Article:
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This question already has an answer here:

How can I determine if $\sum_{n\geq1}\frac{1}{(\ln n)^{\ln n}}$, any ideas?

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marked as duplicate by Hans Lundmark, Misha Lavrov, Rebellos, Leucippus, user99914 Dec 10 '17 at 3:30

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  • $\begingroup$ Should your sum maybe start at $n=2$? Because if $n = 1$, then $\ln(1) = 0$ appears in the denominator. $\endgroup$ – TastyRomeo Nov 10 '16 at 10:48
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    $\begingroup$ $a^{\ln n} = n^{\ln a}$ $\endgroup$ – reuns Nov 10 '16 at 10:51
  • $\begingroup$ @SteamyRoot: Perhaps you can take $0^0=1$ as is done in combinatorics and so $\dfrac{1}{(\log_e 1)^{\log_e 1}}=1$ $\endgroup$ – Henry Nov 10 '16 at 10:59
  • $\begingroup$ About $5.717$ if you start the sum at $n=2$, so about $6.717$ if you start the sum at $n=1$ $\endgroup$ – Henry Nov 10 '16 at 11:06
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Notice we can write

$$ (\ln n)^{\ln n} = e^{ \ln n ( \ln ( \ln n ) ) } = n^{\ln ( \ln n) } $$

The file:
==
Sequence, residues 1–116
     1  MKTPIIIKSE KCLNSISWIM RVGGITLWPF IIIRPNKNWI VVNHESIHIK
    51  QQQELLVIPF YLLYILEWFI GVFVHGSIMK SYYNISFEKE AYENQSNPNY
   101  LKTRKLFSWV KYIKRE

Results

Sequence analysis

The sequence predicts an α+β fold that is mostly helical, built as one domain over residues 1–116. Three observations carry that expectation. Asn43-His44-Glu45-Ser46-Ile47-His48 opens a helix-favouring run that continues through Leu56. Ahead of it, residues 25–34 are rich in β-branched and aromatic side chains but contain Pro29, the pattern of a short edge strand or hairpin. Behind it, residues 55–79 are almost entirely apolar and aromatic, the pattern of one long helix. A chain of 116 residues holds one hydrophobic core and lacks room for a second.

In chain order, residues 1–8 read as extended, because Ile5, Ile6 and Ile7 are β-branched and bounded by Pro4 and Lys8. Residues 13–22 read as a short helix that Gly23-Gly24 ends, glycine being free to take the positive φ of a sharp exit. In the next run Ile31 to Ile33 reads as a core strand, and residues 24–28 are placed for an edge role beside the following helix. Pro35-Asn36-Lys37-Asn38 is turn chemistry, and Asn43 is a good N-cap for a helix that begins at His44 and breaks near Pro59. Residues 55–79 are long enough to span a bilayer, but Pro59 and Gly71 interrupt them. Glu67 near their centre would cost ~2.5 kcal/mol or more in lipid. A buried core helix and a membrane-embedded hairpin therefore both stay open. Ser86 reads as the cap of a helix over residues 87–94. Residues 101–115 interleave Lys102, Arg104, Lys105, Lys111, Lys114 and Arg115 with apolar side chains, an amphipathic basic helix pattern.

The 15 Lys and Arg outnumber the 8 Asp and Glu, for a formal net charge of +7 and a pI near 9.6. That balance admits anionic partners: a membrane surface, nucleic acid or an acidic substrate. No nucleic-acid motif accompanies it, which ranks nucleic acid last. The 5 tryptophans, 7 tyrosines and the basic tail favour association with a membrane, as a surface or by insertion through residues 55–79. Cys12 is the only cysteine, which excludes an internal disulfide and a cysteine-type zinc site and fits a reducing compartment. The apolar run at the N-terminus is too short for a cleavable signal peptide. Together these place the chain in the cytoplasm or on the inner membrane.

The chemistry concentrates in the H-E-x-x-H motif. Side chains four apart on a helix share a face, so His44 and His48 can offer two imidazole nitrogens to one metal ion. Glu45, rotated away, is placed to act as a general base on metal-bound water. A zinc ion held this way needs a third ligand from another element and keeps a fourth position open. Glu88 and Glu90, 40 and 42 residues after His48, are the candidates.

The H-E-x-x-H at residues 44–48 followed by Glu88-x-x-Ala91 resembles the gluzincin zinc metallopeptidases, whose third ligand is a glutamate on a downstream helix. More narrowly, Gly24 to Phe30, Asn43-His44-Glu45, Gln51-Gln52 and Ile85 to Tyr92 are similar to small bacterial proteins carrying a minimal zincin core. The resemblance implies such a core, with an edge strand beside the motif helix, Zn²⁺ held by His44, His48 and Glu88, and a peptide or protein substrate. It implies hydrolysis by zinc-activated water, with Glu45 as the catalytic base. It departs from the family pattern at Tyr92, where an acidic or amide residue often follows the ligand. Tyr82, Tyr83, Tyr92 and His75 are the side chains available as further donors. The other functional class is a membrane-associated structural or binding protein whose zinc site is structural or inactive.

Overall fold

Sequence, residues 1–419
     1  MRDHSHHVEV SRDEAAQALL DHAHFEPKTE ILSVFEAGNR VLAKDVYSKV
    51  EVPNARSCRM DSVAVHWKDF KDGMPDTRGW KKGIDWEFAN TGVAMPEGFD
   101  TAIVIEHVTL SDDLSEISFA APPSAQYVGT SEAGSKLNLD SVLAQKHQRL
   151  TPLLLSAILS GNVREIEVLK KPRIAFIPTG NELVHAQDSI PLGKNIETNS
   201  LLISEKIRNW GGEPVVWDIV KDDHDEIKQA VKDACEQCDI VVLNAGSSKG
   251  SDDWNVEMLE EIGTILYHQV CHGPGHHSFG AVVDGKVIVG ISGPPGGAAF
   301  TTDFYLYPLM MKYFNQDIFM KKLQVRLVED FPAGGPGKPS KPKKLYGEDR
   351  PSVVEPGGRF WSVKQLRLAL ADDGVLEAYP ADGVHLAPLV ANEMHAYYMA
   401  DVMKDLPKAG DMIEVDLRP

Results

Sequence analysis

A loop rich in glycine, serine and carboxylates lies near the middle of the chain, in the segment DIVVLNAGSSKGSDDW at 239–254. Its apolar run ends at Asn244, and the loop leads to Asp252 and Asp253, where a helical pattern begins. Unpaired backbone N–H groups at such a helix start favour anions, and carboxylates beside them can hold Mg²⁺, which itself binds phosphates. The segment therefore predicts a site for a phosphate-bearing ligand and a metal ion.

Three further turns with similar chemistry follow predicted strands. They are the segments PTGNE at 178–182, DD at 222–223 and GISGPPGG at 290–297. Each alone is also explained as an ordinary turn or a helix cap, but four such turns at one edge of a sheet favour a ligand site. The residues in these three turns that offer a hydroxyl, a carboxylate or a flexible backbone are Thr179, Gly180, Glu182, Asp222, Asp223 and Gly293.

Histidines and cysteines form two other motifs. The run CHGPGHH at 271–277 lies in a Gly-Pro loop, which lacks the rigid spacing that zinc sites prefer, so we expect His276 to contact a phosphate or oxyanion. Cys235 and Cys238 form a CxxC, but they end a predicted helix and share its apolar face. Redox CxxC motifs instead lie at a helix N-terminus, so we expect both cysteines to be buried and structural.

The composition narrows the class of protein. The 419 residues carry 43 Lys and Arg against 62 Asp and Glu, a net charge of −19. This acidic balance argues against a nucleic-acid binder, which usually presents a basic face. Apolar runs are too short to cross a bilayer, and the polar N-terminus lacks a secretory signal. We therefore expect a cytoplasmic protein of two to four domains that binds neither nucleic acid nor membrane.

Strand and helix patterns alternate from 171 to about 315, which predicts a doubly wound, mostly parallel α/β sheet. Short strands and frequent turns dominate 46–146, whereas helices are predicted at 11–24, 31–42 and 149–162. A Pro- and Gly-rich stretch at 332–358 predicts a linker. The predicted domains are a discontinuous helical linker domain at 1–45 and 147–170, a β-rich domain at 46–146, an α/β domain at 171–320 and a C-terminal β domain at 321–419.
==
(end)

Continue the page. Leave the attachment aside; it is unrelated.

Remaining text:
Notice $\ln ( \ln n) ) \to \infty $, so eventually $\ln (\ln n ) > 2 $, after say some $N$. Thus, after some $N$, we have

$$ n^{ \ln ( \ln n) } > n^2 $$

which implies that

$$ \frac{1}{(\ln n)^{\ln n} } < \frac{1}{n^2} $$

Since user1952009 does not agree with me giving full answer, here is the full answer:

Now, since $\sum_{n=1}^{\infty} \frac{1}{n^2}$ converges, then by the comparison test, we must have that

$$ \boxed{ \sum_{n=2}^{\infty} \frac{1}{(\ln n)^{\ln n}} \; \; \; \; \bf{Converges } }$$

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  • $\begingroup$ you are allowed to let the OP search by himself (give some hints instead of the full answer) $\endgroup$ – reuns Nov 10 '16 at 10:53
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    $\begingroup$ Why the downvote? It would be nice if the downvoter explain why he downvoted so I can fix my answer $\endgroup$ – ILoveMath Nov 10 '16 at 10:54
  • $\begingroup$ I just did.${}{}$ $\endgroup$ – reuns Nov 10 '16 at 10:56

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